Day in the life: Hydraulic/ROV technician
Published: 10 Apr 2015
I usually get up around 6.45am to give myself time to get ready. I then have my breakfast and prepare my lunch to take to work. My younger brother, Ruairidh, also works for Aleron and we leave the house at 7.55am to give me plenty of time to drive from Aberdeen to the company’s base on the outskirts of Westhill. We usually arrive at work at around 8.20am, and I change into my coveralls and make my way to the workshop.
The first thing I do is liaise with the workshop manager who assigns me my tasks for the day. All of Aleron’s systems are thoroughly tested prior to any project commencing to ensure the success of each specific project, and my role can range from electrical, mechanical or hydraulic problem solving tasks to repairing faulty equipment.
Aleron also offers full contract support for the supply, service and maintenance of complete ROV systems and their associated equipment, which means that my work also takes me overseas. If I am working offshore, I report on shift at 6am for 12 hours of work, and my day usually consists of maintaining and flying ROV systems. I always use my initiative to look ahead to prevent any possible hazards or faults.
I take half an hour for lunch, and tend to eat in the staff canteen, which gives me a chance to catch-up with my colleagues. My homemade lunch is usually something healthy as I try to look after myself as my job is physically demanding. When I am offshore I go to the galley for all my meals where there is usually a good selection of dishes to choose from.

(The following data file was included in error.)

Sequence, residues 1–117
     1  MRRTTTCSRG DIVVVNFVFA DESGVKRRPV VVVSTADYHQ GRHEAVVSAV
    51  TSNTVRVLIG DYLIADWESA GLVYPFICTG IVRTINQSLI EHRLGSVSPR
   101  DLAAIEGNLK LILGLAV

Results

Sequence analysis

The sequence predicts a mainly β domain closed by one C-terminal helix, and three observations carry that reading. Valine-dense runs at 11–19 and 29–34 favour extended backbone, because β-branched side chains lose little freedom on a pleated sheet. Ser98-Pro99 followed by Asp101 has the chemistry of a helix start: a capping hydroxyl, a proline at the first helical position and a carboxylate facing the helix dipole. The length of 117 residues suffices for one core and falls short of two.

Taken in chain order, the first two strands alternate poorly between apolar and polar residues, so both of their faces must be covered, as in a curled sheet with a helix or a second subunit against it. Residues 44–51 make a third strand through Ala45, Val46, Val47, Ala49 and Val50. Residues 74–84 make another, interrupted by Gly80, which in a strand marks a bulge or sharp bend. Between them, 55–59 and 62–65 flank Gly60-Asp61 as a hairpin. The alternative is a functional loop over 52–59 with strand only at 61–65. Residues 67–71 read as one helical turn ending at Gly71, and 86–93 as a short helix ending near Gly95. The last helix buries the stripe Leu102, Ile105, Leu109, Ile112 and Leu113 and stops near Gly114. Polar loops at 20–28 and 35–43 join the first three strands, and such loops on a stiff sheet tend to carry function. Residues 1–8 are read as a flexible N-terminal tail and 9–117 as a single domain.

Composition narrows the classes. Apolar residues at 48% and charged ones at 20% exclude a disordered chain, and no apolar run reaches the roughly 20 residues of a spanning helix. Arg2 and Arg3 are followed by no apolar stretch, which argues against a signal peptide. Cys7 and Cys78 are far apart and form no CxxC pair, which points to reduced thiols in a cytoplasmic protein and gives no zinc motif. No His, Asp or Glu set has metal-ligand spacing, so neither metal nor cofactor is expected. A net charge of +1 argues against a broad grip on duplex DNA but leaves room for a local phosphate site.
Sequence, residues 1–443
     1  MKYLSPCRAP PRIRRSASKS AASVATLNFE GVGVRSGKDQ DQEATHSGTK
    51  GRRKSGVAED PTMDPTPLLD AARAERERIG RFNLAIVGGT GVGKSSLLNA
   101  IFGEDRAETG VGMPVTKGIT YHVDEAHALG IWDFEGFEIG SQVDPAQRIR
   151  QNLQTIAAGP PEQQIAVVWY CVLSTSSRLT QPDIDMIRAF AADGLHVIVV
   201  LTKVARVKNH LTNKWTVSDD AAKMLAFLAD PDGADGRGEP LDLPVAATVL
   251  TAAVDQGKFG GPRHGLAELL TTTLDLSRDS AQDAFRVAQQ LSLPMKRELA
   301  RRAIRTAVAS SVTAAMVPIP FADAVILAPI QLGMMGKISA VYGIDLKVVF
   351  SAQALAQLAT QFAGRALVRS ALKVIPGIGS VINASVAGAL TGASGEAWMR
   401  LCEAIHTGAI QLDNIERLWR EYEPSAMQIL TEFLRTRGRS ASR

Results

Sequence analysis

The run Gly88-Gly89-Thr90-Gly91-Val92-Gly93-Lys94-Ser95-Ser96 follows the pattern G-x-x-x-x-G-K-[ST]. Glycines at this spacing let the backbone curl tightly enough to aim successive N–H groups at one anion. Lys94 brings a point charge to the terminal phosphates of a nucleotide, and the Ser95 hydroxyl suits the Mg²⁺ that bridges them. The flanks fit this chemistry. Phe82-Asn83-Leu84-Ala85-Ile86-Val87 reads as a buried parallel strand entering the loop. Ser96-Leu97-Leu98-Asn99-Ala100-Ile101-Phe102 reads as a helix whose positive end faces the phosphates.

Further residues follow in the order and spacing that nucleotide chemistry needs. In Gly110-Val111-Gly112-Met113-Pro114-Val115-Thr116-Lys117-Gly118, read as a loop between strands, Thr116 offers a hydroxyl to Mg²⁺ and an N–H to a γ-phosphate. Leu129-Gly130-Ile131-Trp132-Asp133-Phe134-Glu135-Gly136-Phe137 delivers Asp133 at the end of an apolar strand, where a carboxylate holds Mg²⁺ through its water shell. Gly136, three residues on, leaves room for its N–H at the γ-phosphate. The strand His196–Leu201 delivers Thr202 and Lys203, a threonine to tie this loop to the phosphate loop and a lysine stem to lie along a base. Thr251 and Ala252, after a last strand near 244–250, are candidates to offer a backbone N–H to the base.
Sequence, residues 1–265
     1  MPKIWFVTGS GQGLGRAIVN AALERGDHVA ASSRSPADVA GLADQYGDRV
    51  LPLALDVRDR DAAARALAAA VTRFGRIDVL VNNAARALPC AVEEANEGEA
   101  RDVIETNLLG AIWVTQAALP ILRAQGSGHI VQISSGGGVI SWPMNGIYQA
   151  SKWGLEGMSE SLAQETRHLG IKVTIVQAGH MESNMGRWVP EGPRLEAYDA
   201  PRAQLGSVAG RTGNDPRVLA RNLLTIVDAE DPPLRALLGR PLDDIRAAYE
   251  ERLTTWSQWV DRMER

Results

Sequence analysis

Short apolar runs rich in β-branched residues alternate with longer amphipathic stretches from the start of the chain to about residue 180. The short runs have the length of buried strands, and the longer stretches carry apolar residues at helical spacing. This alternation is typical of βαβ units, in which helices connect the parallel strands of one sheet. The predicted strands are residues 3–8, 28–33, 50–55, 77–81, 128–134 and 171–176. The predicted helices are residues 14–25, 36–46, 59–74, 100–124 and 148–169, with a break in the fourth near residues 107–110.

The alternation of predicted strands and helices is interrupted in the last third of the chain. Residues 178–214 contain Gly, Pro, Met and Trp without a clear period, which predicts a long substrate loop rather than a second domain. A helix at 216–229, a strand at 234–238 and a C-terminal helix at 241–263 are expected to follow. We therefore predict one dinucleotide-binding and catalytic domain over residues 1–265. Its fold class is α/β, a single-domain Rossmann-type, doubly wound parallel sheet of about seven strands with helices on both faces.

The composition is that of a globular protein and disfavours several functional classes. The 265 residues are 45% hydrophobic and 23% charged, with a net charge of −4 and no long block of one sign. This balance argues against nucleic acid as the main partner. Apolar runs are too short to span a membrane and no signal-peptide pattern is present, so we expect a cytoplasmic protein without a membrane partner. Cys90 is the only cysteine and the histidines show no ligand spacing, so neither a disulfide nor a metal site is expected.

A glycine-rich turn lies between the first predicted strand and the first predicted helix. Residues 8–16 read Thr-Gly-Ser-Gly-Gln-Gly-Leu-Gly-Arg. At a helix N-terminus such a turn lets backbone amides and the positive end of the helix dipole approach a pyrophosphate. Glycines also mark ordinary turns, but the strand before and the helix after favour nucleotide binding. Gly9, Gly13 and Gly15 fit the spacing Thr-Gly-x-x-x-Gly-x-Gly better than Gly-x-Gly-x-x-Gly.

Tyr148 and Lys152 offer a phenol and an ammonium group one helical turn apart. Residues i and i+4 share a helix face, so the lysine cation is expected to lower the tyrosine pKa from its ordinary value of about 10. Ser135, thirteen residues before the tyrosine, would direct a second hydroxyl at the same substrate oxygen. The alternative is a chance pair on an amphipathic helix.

My afternoon, whether on or offshore, usually involves me continuing my morning tasks as they take time to complete. Onshore I am also involved in mentoring our trainee technicians. This involves teaching them how to carry out certain tasks on ROVs and helping them to develop problem-solving skills. My younger brother, Ruairidh, is one of our trainees and although I sometimes give him a hard time, he is picking things up quickly and gaining valuable experience in the industry.
I enjoy this aspect of my job as providing advice to the trainees’ means that I have to be knowledgeable about all aspects of the ROVs. My favourite part of the job is being able to travel the world; I am recently back from a trip to Borneo, and prior to that I was in Indonesia working with my clients on their first job with an Aleron ROV.
I usually finish work around 5pm, and say a quick goodbye to the ladies in the office before heading home for the day. I try to visit the gym as much as possible in the evenings, or spend time working on my car. I hope to modify it for entering track days in the near future.
I also enjoy socialising with my friends and work colleagues. When I am offshore my time is usually spent sleeping as the shifts can be quite demanding, and I like to keep in contact with my friends and family at home as I can be away for a few weeks at a time.